By Daniel McQuerry
Author Ian Wallace’s famous quote, “Why are you trying so hard to fit in when you were born to stand out,” is a mindset that comes naturally to one Boyle County senior.
Gentry Brummett is the amazing young man owning that outlook, standing out among his peers because of his very humble and caring nature.
Surprisingly, Brummett’s experience with the Boyle County School system has been relatively recent. While being raised in the county, he attended Danville Christian Academy for seven years, later attending the Lexington Latin School for two more.
Brummett began attending Boyle his sophomore year, which according to him was challenging but one of the best decisions he ever made. The transition gave him, “an opportunity to mold and adapt and meet new people,” Brummett shared.
His willingness to adapt allowed Brummett to quickly connect with other students. “I love people. I love to talk to people and build relationships,” he says.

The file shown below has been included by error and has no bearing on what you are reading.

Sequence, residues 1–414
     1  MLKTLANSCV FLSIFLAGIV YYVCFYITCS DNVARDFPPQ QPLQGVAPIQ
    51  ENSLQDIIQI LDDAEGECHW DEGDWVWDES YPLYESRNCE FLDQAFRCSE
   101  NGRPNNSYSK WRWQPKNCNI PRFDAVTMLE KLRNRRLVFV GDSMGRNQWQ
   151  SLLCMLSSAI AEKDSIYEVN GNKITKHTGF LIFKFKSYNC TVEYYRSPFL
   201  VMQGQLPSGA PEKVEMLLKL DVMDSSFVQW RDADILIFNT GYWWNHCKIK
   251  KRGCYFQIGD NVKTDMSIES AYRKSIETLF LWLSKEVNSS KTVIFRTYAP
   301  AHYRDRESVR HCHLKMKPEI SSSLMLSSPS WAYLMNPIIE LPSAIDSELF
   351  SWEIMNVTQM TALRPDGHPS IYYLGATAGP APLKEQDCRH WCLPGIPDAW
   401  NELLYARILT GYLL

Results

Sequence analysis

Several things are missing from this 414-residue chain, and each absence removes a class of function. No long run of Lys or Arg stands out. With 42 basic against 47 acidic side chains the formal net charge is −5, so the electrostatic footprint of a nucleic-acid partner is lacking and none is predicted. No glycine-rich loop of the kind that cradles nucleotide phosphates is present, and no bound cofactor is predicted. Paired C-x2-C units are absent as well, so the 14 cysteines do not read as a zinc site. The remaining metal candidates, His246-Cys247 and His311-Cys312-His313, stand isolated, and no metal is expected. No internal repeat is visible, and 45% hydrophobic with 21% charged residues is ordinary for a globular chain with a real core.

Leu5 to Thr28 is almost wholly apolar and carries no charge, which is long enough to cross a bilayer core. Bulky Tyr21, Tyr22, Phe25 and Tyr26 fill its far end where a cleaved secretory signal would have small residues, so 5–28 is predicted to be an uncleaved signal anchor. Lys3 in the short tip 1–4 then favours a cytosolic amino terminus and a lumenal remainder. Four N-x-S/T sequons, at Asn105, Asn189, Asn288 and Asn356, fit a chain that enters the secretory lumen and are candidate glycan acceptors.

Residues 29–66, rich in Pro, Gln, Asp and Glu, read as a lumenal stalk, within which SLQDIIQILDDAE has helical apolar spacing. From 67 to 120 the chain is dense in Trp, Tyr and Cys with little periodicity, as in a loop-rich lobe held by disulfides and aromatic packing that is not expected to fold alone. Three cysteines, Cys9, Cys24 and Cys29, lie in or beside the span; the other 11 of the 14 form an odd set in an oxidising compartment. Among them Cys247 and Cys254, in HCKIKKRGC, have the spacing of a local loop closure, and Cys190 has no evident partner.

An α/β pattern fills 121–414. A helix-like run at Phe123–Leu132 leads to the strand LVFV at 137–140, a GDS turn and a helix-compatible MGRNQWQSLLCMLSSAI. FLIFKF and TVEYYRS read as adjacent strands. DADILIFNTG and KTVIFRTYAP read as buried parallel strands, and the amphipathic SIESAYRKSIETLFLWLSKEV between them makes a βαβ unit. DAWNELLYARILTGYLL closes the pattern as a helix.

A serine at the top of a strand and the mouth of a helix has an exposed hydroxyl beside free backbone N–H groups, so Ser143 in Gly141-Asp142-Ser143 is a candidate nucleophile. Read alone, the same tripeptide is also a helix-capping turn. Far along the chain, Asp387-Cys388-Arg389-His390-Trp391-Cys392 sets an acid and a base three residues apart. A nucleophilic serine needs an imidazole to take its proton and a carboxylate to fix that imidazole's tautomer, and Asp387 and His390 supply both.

The ability to build relationships has helped Brummett not only be successful in the classroom but on the basketball court as well, where he excels as a leader.
His teammates and coaches rely on his guidance, which Brummett embraces. “It comes with a lot of responsibility, but it is also a really great feeling knowing you’re needed and you’re important to the team.”
A few weeks ago on senior night, the Rebel Arena crowd went wild when Brummett started his first game of the season. The fans were not the only ones thrilled, his teammates were just as excited. Senior teammate Grant Hotchkiss described, “It was awesome for us three seniors (Karson Thompson as well) to be out there together. I’m thankful to have him, he is like a brother to me.”
Head Coach Dennie Webb is also thankful to have him. “Gentry is one of the most consistent players we have when it comes to effort. Gentry’s attitude and selflessness is what makes him a great teammate,” said Webb.
Brummett also has the opportunity to spread his positivity to teammates in another realm of athletics, track and field, where he competes in the 4 x 800 relay.
Along with his track teammates in 2019, Brummett achieved what few high school athletes are able to do, win a state title. “That is my greatest accomplishment here in high school and the one I’m the most proud of,” he explains with a smile.